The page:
Waterscape Heritages

A one-day workshop entitled "Waterscape Heritages" was held in Edinburgh on Thursday, 3 July 2014, organised jointly by the IRC, the University of Ulster's Irish and Celtic Studies Research Institute, and Learning for Sustainability Scotland. Taking the idea of waterscapes (rivers, lakes, seas and so on) as a conceptual basis, and diverse heritages (natural / cultural, tangible / intangible, and so on) as thematic threads to explore, the workshop wove together different disciplinary and artistic approaches to, and insights into, the wisdom that "sits in places" (Basso 1996). The meeting brought together researchers from the "Stories of the Sea" project at the University of Ulster, covering the coastal areas in the North of Ireland and the West of Scotland; participants of last year's "Source to Sea" workshop on the heritage of the Clyde in Glasgow; participants of the IRC's recent "Doing Things Differently" workshop, organized by Heriot-Watt University's Intercultural Research Centre jointly with Learning for Sustainability Scotland; and others interested in exploring the idea of "Waterscape Heritages".

For further details, please contact Prof. Ullrich Kockel.

"Doing Things Differently"

Intercultural Research and Learning for Sustainability

9 April 2014

14:00-18:00 Heriot-Watt University (Riccarton Campus)

Keynote Thinker: Alastair McIntosh

'Sustainability' is commonly perceived as environmental issues by another name – an unhelpful editing of a concept where environmental and social issues are inextricably linked. At the root of every environmental issue you will find issues of justice, equality and power relationships. Culture and ecology are mutually dependent and inseparable in achieving sustainability.

Our perception of what we can or cannot do is shaped by deeply held cultural attitudes, dependent to a large extent on how we think collectively – as a social class , a circle of friends, an ethnic group or an academic discipline. Cultural discourse is as much a part of our collective journey towards sustainability as the natural sciences and technological innovation.

This interdisciplinary colloquium was organised by Heriot-Watt University's Intercultural Research Centre in collaboration with Learning for Sustainability Scotland, a United Nations recognised Regional Centre of Expertise. Together we looked at challenges arising from different cultural perspectives on sustainability. The seminar explored areas where intercultural research – research that takes place between and across different cultures – can support learning for sustainability in a wide range of spheres: from the natural and built environment to social and economic issues.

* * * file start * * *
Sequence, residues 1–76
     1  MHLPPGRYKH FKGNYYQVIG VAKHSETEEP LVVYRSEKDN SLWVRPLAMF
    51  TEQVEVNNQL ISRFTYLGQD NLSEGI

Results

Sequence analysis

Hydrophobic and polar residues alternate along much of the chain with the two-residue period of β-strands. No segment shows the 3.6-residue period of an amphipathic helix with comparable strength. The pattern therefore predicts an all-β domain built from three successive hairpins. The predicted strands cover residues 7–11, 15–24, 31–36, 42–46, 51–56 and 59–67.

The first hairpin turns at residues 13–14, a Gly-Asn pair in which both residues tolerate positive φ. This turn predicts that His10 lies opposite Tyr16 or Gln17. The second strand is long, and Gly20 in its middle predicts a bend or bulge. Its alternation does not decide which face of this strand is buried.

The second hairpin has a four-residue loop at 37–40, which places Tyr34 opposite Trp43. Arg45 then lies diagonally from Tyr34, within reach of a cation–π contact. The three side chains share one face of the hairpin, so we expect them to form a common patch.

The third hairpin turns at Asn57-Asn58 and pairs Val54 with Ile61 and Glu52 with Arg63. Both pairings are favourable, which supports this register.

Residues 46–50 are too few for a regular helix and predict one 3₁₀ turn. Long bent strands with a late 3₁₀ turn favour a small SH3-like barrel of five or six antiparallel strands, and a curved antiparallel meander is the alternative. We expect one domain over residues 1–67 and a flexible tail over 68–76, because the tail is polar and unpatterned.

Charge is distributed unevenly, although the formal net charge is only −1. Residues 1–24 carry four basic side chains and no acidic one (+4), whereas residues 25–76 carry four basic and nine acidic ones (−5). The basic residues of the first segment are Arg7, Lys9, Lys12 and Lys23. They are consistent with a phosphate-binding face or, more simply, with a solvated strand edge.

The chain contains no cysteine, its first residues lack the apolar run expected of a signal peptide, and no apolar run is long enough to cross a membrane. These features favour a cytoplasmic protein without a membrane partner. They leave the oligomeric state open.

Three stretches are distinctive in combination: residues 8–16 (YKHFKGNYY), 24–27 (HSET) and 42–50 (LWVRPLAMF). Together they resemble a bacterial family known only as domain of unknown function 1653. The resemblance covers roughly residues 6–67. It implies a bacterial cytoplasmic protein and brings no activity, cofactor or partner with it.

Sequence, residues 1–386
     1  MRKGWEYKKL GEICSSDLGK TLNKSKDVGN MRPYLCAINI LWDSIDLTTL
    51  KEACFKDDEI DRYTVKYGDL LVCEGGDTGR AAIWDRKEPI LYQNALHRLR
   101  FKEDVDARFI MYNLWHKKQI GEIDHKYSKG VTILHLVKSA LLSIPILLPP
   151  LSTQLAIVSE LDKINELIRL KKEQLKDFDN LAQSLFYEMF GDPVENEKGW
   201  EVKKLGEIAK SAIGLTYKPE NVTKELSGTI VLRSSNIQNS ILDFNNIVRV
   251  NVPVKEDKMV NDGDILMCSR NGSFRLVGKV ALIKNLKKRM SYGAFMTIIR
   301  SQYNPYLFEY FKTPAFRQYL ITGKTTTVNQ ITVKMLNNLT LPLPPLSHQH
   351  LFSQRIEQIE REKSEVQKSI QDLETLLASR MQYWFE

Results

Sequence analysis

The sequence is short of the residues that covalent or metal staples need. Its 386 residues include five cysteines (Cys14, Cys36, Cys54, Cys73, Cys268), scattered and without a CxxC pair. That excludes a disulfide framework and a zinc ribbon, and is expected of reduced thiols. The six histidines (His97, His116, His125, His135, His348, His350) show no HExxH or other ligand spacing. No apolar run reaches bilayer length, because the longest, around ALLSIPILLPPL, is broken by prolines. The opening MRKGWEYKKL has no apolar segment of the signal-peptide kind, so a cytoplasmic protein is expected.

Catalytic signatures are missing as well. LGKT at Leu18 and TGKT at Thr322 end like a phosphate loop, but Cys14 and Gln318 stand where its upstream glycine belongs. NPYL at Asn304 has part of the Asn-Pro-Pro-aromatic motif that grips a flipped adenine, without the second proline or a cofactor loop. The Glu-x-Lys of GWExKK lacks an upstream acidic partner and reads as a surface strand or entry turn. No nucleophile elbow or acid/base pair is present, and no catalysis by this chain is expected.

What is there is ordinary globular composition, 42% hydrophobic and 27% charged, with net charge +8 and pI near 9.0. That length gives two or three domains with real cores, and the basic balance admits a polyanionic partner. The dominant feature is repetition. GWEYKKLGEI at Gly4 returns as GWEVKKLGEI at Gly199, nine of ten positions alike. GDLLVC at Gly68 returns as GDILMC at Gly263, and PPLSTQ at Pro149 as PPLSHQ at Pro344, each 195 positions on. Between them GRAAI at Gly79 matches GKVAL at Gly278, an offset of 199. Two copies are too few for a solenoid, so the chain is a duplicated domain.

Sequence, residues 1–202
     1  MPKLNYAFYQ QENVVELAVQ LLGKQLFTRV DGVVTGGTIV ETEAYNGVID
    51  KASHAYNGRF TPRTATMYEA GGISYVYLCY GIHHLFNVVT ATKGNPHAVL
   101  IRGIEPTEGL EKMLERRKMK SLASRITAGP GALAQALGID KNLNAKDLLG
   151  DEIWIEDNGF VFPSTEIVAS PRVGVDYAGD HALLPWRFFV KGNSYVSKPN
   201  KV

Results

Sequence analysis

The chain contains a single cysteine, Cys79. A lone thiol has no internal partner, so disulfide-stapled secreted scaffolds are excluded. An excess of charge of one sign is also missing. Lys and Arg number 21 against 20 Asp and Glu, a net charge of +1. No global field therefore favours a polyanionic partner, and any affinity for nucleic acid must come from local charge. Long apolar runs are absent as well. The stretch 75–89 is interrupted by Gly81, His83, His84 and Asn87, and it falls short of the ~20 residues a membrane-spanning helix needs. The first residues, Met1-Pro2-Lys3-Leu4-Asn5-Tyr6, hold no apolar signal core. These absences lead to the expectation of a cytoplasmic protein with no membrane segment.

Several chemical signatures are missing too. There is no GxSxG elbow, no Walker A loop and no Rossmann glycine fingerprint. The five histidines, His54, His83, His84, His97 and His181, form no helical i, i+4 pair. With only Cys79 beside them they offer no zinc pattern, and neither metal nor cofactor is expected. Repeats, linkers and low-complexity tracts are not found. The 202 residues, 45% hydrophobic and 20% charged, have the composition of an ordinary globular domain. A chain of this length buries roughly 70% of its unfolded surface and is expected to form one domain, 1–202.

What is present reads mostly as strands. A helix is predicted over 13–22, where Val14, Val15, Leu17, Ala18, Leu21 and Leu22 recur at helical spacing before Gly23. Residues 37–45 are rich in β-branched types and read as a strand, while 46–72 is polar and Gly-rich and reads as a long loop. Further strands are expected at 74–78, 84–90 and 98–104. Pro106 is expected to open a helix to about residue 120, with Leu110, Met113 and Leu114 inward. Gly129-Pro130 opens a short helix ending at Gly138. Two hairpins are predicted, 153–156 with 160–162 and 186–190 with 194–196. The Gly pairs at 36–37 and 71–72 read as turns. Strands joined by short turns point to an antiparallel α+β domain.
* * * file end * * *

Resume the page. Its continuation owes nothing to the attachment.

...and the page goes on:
Alastair McIntosh is an independent scholar, activist, writer, speaker and broadcaster from the Isle of Lewis with a wide range of academic connections that have included a visiting professorship and fellowship at the universities of Strathclyde and Ulster, and he is currently an Honorary Senior Fellow in the College of Social Sciences at the University of Glasgow, a Fellow of the Schumacher Society and a Research Fellow at the School of Divinity (New College), University of Edinburgh. Other roles include serving as a founding director of the GalGael Trust in Govan and special advisor to the Board of the Centre for Human Ecology (CHE) of which he was once the director. 

 Read the report in the Heriot-Watt News Archive.


Seminar Series 2013-14


Venue: Heriot Watt University: Mary Burton Building, room 20 (MB.G20 - Map)

John Joseph, Edinburgh University

Naturalised Natives: Interpreting Identities and Face in Linguistic Interaction
Wed., 23 Oct. 2013, 4.30-6.00pm

James Costa, University of Oslo

Language Standards and Standard Language in Scotland: the Predicament of Introducing the Scots Language in a Primary School
Wed., 20 Nov. 2013,4.30-6.00pm

Kerstin Pfeiffer, Heriot-Watt University

Just Anger? Violence and Vengeance on the Medieval Civic Stage
Wed., 27 Nov. 2013, 4.30-6.00pm

Orvar Löfgren, Lund University

The Messiness of Research: Everyday Routines and Rituals of Academic Work
Wed., 4 Dec. 2013, 4.30-6.00pm

Alexandre Duchêne, University of Fribourg

Unrewarded Language Work: Exploiting Linguistic Resources and Speakers in the Contemporary Workplace
Wed., 22 Jan. 2014, 4.30-6.00pm

Dawn Archer, Lancaster University

Using Corpus Linguistics as a Way in to Historical (Courtroom) Texts
Wed., 19 Feb. 2014, 4.30-6.00pm